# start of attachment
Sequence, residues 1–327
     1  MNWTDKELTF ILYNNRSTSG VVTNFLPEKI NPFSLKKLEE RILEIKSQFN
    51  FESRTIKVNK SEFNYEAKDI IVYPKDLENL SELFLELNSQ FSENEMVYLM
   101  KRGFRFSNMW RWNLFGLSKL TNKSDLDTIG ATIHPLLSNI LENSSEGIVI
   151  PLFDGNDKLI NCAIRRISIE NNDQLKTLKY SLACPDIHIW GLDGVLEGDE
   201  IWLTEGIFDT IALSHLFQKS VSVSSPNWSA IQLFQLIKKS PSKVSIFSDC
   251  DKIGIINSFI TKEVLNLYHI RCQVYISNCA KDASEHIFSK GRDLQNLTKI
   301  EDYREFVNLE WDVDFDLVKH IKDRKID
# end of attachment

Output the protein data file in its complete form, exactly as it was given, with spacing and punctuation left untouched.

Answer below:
Sequence, residues 1–327
     1  MNWTDKELTF ILYNNRSTSG VVTNFLPEKI NPFSLKKLEE RILEIKSQFN
    51  FESRTIKVNK SEFNYEAKDI IVYPKDLENL SELFLELNSQ FSENEMVYLM
   101  KRGFRFSNMW RWNLFGLSKL TNKSDLDTIG ATIHPLLSNI LENSSEGIVI
   151  PLFDGNDKLI NCAIRRISIE NNDQLKTLKY SLACPDIHIW GLDGVLEGDE
   201  IWLTEGIFDT IALSHLFQKS VSVSSPNWSA IQLFQLIKKS PSKVSIFSDC
   251  DKIGIINSFI TKEVLNLYHI RCQVYISNCA KDASEHIFSK GRDLQNLTKI
   301  EDYREFVNLE WDVDFDLVKH IKDRKID